The Mountains in Montana
The Belt Mountains have two distinct ranges, the Big Belt Mountains and the Little Belt Mountains. For simplicity, both will be covered below since while they mountains are quite different from one another, both share one thing in common - limited backcountry fishing.
The Big Belt Mountains are located to the east of Helena, Montana, which is the state capital. They are difficult to miss as the rise abruptly up from the valley floor with a vertical rise of more than 5000 feet in some places. The Big Belt Mountains, lying as they do to the east of the continental divide, are more arid than the mountains found just to the west on the other side of the continental divide. Instead of having thick forests over much of their sides, the Big Belt Mountains have expansive areas of open meadows, grass and exposed rock. As they are a tall mountain range, many areas of the Big Belt Mountains are also over timberline.
Only one designated wilderness area, the Gates of the Mountains Wilderness that is found at the northern tip of the Big Belt Range, exists in the Big Belt Mountains. The rest of the mountain range is strictly forest service land. Numerous forest service roads of variable conditions enter and cross the Big Belt Mountains. The Big Belt Mountains are a popular place for locals to come out and explore the roads that traverse through these mountains.
The peaks of the Big Belt Mountains are quite rounded and even gentle, in stark contrast to some of the nearby mountain ranges such as the Bridger Range and the Crazy Mountains.
The only real lake fishing in the Big Belt Mountains is found near the ranges highest mountains, Mt. Baldy and Mt. Edith. Several small lakes are located to the north of Mt. Edith. A trail from the nearby Duck Creek Campground reaches these small, alpine lakes. The largest lake, Edith Lake, holds decent populations of small cutthroat trout.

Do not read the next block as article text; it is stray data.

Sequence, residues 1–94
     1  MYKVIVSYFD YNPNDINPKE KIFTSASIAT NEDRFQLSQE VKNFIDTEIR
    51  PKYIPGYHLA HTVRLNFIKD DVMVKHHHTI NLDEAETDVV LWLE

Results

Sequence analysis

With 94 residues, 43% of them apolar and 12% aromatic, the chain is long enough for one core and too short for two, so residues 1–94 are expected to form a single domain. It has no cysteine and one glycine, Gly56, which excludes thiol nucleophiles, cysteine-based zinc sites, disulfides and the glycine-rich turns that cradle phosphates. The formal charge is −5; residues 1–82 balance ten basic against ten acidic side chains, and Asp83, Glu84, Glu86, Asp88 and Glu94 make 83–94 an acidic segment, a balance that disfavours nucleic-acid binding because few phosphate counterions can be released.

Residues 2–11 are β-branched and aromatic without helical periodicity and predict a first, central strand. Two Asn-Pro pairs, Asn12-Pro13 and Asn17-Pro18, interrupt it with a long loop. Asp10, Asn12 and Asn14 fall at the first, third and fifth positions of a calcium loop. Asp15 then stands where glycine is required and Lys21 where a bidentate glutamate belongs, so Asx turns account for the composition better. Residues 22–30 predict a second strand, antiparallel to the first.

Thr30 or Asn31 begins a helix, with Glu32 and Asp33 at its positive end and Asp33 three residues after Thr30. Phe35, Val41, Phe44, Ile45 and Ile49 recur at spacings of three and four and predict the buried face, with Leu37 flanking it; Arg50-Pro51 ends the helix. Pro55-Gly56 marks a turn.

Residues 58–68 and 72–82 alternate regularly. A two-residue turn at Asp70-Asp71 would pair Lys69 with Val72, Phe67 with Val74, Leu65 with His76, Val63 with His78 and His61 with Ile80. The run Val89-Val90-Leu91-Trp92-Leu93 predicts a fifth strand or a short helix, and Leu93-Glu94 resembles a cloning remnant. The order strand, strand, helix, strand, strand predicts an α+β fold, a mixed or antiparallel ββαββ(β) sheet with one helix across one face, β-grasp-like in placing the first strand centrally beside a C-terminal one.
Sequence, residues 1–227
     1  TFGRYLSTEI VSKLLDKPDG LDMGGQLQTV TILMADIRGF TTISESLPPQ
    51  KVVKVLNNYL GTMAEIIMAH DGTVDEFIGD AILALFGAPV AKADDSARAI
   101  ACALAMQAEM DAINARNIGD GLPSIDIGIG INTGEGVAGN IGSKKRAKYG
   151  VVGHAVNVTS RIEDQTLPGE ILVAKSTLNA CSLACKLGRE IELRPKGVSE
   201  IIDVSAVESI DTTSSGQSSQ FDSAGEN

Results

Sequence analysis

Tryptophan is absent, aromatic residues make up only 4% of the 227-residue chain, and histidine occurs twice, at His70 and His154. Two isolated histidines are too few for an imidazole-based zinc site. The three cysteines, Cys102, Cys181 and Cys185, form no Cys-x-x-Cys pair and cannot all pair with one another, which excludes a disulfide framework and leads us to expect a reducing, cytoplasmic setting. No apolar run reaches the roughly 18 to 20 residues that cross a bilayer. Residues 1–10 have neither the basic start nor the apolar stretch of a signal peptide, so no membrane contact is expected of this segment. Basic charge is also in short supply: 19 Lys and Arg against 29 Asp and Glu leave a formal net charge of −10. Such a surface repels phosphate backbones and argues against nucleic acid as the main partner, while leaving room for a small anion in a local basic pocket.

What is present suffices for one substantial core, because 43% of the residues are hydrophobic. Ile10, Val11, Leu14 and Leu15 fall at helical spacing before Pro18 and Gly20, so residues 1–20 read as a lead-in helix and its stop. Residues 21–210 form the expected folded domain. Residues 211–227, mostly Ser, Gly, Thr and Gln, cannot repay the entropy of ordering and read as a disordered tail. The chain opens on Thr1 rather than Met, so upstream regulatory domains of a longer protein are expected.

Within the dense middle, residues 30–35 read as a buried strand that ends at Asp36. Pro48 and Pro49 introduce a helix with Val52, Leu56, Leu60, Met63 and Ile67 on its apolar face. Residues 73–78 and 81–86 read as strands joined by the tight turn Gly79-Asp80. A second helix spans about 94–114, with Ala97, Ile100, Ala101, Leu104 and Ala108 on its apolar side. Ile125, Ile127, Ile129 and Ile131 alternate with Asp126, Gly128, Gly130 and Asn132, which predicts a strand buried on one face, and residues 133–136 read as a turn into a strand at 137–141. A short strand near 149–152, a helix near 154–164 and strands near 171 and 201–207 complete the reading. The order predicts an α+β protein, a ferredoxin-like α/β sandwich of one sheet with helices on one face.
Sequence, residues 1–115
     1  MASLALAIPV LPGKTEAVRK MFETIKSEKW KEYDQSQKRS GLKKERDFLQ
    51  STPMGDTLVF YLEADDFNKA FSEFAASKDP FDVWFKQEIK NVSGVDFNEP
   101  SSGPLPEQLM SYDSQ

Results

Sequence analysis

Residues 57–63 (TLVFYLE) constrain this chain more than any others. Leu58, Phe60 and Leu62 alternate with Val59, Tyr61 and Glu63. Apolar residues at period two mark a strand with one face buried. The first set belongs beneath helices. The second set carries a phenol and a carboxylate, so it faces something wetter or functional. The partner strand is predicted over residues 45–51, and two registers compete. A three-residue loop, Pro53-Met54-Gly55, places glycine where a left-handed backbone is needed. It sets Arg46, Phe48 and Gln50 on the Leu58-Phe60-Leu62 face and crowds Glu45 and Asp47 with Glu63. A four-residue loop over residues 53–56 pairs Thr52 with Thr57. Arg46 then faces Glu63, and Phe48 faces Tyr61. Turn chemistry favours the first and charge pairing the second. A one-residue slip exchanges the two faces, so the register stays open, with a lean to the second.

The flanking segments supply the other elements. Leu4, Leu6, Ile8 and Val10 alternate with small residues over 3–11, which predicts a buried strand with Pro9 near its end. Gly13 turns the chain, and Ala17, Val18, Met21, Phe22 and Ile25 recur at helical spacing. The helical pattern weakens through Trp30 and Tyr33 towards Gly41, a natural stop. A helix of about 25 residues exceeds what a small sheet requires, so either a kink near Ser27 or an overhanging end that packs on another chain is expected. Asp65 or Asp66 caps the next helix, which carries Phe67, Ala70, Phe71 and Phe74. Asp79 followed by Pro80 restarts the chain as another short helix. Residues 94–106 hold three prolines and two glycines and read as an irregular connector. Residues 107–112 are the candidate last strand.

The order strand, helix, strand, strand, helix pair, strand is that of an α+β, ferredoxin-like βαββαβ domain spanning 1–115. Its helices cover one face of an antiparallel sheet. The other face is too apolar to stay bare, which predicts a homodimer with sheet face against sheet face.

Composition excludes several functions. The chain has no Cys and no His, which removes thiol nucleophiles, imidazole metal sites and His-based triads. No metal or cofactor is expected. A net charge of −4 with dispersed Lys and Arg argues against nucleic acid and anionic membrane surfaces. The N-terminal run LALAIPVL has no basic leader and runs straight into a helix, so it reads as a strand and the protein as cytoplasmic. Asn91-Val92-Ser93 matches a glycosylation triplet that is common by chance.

Use of the Big Belt Mountains is relatively light. The lack of any protected wild lands, combined with the lack of alpine lakes and other attractions, tends to keep most visitors from ever seeing the Big Belt Mountains. Most of the use of the Big Belt Mountains comes in the form of off-roading, exploring the mountains forest roads and mountain biking. Horse packing is also popular due to the open nature of the mountains.
The Little Belt Mountains lie to the east of the Big Belt Mountains and to the south and east of Great Falls, Montana. Despite what their name suggests, these are a sizable mountain range. Smaller mountains are located on the western side of this range (to the west of Belt Creek), while much taller mountains dominate the skyline on the eastern side of the Little Belt Range.
The Little Belt Mountains are heavily forested in most areas, in contrast to the more open atmosphere found in the Big Belt Mountains. Use of the Little Belt Mountains is somewhat higher than the Big Belt Mountains. A popular ski area, Showdown Ski Area, lies at the pass on Highway 89. The mountains also draw lots of campers and day hikers from Great Falls, which is nearby.
Similar to the Big Belt Mountains, fishing in the Little Belt Mountain backcountry is less then special. A couple of small lakes are found just to the east of the highest peak in the Little Belt Mountains, Big Baldy Mountain.
Access to the Belt Mountains is excellent. Between the highways that cross the mountains and the forest roads that twist and turn throughout them, road access is excellent. An extensive trail network in both mountains exists, although some of the trails are used for more than hiking and horse packing. Numerous day hiking and week long expedition trips can be planned in both these mountain ranges.
Wr 250 Bigbelt Mountains
Leaving the Little Belts
Little Belt Mountains Montana